In an increasingly digital-first world, the traditional boundaries between home, work, friends, family, public, and private can be blurry. Whether it’s the pressure to respond to emails at all hours or have an Instagram-ready home and constantly be sharing, this level of connectivity can cause a great deal of stress.
In a study at the University of Illinois, researchers found a correlation between those who turned off work email alerts and lower perceptions of stress at work. Significantly, they also noted that whether supervisors supported their boundaries or expected them to always be available affected their stress levels.
At times, the circumstances or situations we dealing with aren’t within our control. In these situations, focus on strategies that offer a sense of hope and control over your situation.
Techniques like meditation and mindfulness are excellent for this. Examples include purposely focusing on a single activity or taking deep, purposeful breaths.
These techniques work by slowing down the emotional pathways between the amygdala and the prefrontal cortex. Over time they enable you to be less reactive to the stresses you are facing. By becoming less emotionally engaged with your stressful situation, you can be less drained even if the stressor hasn’t changed.
Psychology research shows that meditation can increase compassion for ourselves and for others. Meanwhile, neuroscientists have found a link between meditation and the ventral vagus response, which is associated with love and tolerance.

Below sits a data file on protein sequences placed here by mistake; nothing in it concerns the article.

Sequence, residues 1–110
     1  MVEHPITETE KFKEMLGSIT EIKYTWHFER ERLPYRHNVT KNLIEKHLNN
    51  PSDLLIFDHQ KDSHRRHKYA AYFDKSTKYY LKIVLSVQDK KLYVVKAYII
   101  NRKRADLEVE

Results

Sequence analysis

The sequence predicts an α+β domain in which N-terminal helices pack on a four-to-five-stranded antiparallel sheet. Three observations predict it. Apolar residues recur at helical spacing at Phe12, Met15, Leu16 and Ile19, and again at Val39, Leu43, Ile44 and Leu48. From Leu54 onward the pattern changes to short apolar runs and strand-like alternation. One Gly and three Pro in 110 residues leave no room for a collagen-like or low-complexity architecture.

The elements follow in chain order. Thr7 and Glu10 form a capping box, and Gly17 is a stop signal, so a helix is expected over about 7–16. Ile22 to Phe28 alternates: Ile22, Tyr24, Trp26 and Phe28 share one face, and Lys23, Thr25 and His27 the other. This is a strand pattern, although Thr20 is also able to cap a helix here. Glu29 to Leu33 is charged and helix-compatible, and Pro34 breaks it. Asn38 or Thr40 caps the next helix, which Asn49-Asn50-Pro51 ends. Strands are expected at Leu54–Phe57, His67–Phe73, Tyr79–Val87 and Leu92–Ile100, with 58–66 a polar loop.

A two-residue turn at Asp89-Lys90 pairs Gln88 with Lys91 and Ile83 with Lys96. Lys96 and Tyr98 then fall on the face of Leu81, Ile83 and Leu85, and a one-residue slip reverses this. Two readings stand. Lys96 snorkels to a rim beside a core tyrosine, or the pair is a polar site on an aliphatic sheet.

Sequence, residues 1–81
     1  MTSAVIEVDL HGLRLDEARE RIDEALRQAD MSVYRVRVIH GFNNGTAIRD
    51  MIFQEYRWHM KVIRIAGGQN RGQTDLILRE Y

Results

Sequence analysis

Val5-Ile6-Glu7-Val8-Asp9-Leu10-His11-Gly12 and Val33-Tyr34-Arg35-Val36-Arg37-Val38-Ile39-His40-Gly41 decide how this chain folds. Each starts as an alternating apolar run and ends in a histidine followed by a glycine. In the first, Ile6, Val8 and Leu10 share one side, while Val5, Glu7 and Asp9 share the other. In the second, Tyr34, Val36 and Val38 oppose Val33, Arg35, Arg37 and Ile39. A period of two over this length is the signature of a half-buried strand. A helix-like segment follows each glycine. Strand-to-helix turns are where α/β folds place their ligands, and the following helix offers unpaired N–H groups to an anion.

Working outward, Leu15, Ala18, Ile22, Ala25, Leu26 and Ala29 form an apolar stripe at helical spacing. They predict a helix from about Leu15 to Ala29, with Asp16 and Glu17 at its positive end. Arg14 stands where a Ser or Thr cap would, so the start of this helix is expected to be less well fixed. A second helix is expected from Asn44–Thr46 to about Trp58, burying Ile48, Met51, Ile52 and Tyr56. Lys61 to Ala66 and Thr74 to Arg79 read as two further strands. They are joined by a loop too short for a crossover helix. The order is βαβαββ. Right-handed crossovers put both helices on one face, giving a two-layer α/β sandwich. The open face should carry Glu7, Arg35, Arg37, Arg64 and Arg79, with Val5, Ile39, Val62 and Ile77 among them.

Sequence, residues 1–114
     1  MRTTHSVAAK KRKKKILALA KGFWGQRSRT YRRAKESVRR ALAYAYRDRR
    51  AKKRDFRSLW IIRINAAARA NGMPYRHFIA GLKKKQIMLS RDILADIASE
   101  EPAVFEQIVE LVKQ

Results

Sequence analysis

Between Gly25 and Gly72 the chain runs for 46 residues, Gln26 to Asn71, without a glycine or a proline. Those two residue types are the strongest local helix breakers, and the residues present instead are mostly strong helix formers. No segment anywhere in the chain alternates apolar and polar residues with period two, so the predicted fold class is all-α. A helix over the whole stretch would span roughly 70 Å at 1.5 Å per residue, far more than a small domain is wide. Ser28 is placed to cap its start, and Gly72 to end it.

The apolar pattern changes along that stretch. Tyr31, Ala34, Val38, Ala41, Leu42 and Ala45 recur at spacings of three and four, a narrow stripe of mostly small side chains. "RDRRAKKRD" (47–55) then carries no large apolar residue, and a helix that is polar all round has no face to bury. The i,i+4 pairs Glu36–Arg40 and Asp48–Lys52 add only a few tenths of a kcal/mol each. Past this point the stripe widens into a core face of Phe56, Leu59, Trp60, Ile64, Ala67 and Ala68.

You can’t beat exercise as a stress reduction technique. It releases feel-good endorphins and reverses oxidative stress. Plus, you don’t necessarily need to drip in sweat to make it an effective form of stress reduction. Even slow-moving workouts like yoga can help to activate our parasympathetic nervous system to return to a state of rest and recovery.
Another bonus of exercise for stress relief? It helps you sleep, a process which is often negatively impacted by stress. Physical movement during the day encourages the muscles in the body to relax enough to sleep at night. It’ll also reduce the odds of ruminating over the challenges you’re facing as your head hits the pillow.
Which leads us to…
While it’s not exactly practical to stop in the middle of a stressful situation and catch some shut-eye, it is important to get adequate sleep at night to encourage your body’s resilience against stress.
Admittedly, the relationship between sleep and stress can be a bit of a vicious cycle. Stress reduces sleep, but a lack of sleep can also increase stress.
Luckily, employing the stress management techniques listed here can help to promote sleep and break the cycle.
Self-care is crucial in managing stress, but getting support from a loved one is also an important practice to embrace.
Research shows that social support has neurobiological effects related to stress relief. Supportive interactions release oxytocin and other hormones which raise our mood and mitigate the detrimental effects of cortisol.
Life will always bring unexpected challenges, but hopefully these science-backed stress reduction techniques will help to build your inner resolve and resilience.